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October 25, 2019

USA Energy plans woodchip sanitizing plant at Orrington PERC site

Courtesy / USA Energy Corp. The Penobscot Energy Recovery Co. plant in Orrington. The New England Woodchip Solutions operation will be in the main building, in the area shown in the lower right corner.

USA Energy Group, majority owner of Penobscot Energy Recovery Co., has created a new company that plans to build a $15 million plant at the waste-to-energy plant's Orrington site that will sanitize woodchips for export to European Union countries for use as biofuel.

PERC’s other owners, PERC Holdings LLP and several Maine municipalities, are not involved in the new company, according to a USA Energy news release. The woodchip plant will be built in 30,000 square feet of space that has become available after PERC streamlined its operations.

The space will be leased to New England Woodchip Solutions LLC for the phytosanitation plant, the release said. 

NEWS has been formed in response to a recent European Union directive that requires at least 32% of energy to be generated from renewable sources by 2030, Robert Knudsen, vice president of USA Energy, said in the release. 

After next year, the EU will not allow chemicals to be used in sanitizing woodchips or fossil fuels to be used to generate the heat used in the process. No chemicals will be used in the process at the Orrington plant, which will be built by Thompson Dryers, of Topeka, Kan. The Thompson Phytosanitary System has been approved by the U.S. Department of Agriculture and is recognized as the most cost-effective sanitizing method available today, the release said.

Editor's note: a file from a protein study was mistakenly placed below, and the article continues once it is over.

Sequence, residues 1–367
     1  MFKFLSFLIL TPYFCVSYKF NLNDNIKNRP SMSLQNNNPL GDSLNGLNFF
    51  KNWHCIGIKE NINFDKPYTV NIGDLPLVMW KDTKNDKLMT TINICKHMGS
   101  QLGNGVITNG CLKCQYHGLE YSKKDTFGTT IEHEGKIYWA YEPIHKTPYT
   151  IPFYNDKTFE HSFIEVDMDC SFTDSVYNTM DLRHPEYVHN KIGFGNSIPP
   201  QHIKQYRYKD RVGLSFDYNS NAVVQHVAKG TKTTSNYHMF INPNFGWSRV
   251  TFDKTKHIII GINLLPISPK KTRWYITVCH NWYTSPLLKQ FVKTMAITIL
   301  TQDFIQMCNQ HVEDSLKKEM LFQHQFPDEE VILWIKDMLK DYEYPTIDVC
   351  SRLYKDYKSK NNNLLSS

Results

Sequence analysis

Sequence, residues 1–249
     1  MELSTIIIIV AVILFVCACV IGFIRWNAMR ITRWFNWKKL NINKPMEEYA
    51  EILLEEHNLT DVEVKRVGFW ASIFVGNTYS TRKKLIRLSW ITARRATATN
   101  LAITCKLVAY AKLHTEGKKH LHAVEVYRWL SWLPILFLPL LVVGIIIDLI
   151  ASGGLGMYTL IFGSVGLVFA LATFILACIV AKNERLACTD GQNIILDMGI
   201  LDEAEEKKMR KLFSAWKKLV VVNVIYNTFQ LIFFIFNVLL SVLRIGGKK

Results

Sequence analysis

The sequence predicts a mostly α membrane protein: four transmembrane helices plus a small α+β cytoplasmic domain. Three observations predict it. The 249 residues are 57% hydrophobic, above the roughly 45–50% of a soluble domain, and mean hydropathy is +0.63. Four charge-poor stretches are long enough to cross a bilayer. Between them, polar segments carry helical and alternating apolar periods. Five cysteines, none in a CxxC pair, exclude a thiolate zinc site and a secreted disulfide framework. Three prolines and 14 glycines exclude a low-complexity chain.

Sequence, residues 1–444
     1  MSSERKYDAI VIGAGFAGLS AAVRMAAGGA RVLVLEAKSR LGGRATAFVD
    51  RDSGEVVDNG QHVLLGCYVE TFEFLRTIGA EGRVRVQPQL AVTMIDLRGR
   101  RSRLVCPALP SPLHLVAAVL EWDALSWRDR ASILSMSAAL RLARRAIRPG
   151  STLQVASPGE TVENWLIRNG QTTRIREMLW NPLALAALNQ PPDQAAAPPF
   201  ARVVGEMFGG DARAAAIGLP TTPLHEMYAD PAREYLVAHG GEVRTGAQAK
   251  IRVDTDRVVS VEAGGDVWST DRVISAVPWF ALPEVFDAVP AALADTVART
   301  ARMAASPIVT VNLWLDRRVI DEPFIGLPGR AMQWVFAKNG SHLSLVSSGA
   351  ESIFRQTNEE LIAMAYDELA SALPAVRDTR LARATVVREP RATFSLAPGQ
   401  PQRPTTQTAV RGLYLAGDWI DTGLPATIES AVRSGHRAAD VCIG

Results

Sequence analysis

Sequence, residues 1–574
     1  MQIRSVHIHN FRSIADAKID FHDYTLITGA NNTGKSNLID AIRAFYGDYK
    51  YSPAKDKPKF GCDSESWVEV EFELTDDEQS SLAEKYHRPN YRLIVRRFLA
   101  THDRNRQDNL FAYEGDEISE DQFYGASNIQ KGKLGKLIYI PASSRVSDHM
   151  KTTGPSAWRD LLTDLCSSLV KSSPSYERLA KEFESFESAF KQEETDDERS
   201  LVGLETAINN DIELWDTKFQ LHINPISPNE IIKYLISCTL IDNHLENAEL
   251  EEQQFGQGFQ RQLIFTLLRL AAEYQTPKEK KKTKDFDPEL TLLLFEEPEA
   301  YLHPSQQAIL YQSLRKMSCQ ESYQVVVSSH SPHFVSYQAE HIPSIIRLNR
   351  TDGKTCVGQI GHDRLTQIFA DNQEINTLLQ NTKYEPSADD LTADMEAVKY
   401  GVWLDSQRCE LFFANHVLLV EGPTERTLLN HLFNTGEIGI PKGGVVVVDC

Knudsen said that the initial $15 million plant will be able to treat 300,000 tons of woodchips annually and that there is enough space to add a second phytosanitation system, capable of treating an additional 300,000 tons, if the demand is there.

“Biofuels, including wood chips, will be instrumental in helping EU countries meet the new standard,” said Knudsen, Before woodchips can be exported, they must go through phytosanitation to kill any pathogens.

"Maine has plenty of wood fiber that can be used for chips, and the PERC plant has the space we need as well as the ability to generate on site the large amounts of electricity and steam heat that the phytosanitation process requires," Knudson said.

He said that co-locating with PERC and being able to buy renewable power and heat without transmission costs will give the woodship sanitation company a cost advantage and smaller carbon footprint than comparable systems. He noted that the EU considers waste a renewable fuel.

PERC streamlined last year after a lower-than-market-rate power purchase agreement with Emera Maine ended, as well as a 20-year contract with the Municipal Review Committee, which represented 187 towns and cities that provided trash to the plant. Slow-speed grinders and a new processing line were added to the waste-to-energy system to streamline the operation and lower costs.

New England Woodchip Solutions has been working for months with another partner who is looking to secure long-term contracts with power plants and utilities in Europe, the release said. Once those are secured, wood suppliers in Maine will be identified and a woodyard established for sorting, storing and chipping raw wood.

It is expected that much of the wood chips will come from low-value residual fiber, such as treetops and branches, that are not used by Maine paper and lumber mills. 

The plant will put the chips through the phytosanitation process and then package them for shipment in 1-ton bales. The bales will be trucked to Searsport to be loaded on cargo ships for delivery to Europe.

“There are still a number of pieces to be finalized,” Knudsen said. "But we are confident that they are starting to fall into place, and we hope to begin construction early next year. This is a great project for Maine, taking advantage of an abundant natural resource and the outstanding infrastructure already in place in the forest products industry and at PERC and the Port of Searsport.”

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October 25, 2019

Might it be more forward thinking to convert the wood to biofuel right here in Maine - perhaps we could sell it to the Europeans at higher value. European countries are already doing a poor job of accounting for carbon - the fuel and resulting carbon emissions from trucks and ships in this supply chain will not be counted.

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